Fungal infection of the nails is known as
onychomycosis. It is increasingly common with increased age. It rarely affects children.
Onychomycosis can be due to:
Onychomycosis may affect one or more toenails and/or fingernails and most often involves the great toenail or the little toenail. It can present in one or several different patterns:
Tinea unguium often results from untreated tinea pedis (feet) or tinea manuum (hand). It may follow an injury to the nail.
Candida infection of the nail plate generally results from paronychia and starts near the nail fold (the cuticle). The nail fold is swollen and red, lifted off the nail plate. White, yellow, green or black marks appear on the nearby nail and spread. The nail may lift off its bed and is tender if you press on it.
Mould infections are usually indistinguishable from tinea unguium.
Onychomycosis must be distinguished from other nail disorders such as:
Clippings should be taken from crumbling tissue at the end of the infected nail. The discoloured surface of the nails can be scraped off. The debris can be scooped out from under the nail.
Previous treatment can reduce the chance of growing the fungus successfully in culture so it is best to take the clippings before any treatment is commenced:
Onychomycosis from T rubrum
Complete nail destruction
Nail infection due to Microsporum canis (rare)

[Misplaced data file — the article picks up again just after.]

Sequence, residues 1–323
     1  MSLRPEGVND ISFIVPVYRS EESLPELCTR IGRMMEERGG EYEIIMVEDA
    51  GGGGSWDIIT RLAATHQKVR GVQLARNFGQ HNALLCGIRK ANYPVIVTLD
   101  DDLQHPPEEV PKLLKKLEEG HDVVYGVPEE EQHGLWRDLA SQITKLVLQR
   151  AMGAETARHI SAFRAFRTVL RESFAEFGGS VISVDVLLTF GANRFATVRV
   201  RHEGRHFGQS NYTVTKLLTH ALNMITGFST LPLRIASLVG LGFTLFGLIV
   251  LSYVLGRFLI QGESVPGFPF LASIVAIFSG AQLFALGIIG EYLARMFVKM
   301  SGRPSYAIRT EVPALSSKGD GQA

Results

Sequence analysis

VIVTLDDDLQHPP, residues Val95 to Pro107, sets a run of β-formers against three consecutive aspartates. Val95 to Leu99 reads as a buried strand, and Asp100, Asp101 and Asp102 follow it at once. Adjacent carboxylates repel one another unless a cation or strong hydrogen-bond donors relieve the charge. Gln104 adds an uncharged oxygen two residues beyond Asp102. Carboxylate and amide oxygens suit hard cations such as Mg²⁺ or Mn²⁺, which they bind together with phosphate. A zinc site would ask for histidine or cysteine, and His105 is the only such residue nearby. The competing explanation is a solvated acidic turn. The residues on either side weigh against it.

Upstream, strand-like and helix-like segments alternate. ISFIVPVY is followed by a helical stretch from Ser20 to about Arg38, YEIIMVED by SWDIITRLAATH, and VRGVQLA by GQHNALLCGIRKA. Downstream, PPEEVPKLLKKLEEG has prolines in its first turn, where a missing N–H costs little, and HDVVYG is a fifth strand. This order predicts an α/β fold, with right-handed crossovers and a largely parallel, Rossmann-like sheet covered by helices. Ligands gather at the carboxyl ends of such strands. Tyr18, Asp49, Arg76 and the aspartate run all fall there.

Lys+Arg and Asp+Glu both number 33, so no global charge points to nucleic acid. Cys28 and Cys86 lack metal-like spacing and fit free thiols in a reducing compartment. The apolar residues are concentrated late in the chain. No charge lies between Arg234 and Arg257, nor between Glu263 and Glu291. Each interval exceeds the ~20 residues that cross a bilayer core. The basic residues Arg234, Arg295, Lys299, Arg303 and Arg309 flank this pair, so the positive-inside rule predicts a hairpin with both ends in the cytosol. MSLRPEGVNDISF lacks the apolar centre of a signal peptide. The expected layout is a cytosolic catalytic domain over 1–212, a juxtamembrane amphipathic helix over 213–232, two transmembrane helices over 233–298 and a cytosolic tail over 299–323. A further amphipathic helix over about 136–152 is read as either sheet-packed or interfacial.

All nails are yellow due to T rubrum infection
Extensive tinea unguium due to T rubrum
Fingernail infections are usually cured more quickly and effectively than toenail infections.
Mild infections affecting less than 80% of one or two nails may respond to topical antifungal medications but cure usually requires an oral antifungal medication for several months. Combined topical and oral treatment is probably the most effective regime.
Recently, laser treatment has become available in New Zealand and elsewhere to treat onychomycosis unsuitable for or resistant to antifungal medications. There are at least three types of toenail laser, all emitting infrared radiation. Laser treatment is reported to safely eradicate nail fungi with one to three, almost painless, sessions. However, laser treatment for fungal nail infection is not yet FDA approved and it is as yet unclear how well it works.